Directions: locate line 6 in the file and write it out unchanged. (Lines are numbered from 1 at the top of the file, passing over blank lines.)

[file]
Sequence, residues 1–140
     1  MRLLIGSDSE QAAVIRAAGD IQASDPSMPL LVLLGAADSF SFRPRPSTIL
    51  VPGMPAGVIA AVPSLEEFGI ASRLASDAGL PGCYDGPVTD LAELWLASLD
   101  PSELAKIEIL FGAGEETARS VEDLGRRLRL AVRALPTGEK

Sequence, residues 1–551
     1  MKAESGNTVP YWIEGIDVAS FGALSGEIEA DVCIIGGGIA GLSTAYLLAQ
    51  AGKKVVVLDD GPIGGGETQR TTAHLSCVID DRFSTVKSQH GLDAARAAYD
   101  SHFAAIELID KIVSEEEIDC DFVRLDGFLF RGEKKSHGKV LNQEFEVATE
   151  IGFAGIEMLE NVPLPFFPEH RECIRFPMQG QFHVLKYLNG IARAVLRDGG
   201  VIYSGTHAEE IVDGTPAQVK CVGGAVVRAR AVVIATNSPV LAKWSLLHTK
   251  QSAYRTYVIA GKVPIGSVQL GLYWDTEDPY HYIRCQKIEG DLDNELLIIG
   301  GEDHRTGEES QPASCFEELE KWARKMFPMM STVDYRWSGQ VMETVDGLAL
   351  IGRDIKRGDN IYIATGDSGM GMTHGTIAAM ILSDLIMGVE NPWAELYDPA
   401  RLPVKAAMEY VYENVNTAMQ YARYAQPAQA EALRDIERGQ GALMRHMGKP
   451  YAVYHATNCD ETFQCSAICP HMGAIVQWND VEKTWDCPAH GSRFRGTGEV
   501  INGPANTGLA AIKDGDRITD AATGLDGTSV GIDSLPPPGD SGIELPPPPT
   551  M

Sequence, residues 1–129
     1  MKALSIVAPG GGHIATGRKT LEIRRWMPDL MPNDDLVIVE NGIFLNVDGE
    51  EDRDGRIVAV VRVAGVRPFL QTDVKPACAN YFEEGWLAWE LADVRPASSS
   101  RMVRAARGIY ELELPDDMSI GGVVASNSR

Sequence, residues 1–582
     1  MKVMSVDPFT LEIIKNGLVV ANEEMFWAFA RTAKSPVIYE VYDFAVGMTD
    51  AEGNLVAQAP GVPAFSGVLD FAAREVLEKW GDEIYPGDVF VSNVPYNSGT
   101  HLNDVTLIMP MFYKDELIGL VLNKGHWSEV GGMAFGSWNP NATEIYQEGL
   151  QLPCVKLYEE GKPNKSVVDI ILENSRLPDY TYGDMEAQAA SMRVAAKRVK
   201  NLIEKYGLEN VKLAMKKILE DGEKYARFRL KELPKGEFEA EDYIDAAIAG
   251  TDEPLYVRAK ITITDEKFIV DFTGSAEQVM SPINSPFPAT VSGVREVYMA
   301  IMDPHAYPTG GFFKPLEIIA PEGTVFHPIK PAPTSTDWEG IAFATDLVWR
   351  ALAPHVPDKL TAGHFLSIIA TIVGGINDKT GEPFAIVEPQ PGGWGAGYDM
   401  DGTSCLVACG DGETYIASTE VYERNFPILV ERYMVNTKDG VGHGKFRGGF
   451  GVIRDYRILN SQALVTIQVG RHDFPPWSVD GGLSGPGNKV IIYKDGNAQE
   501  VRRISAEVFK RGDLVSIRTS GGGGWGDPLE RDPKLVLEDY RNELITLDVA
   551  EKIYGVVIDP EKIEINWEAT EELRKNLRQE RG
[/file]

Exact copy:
     1  MKAESGNTVP YWIEGIDVAS FGALSGEIEA DVCIIGGGIA GLSTAYLLAQ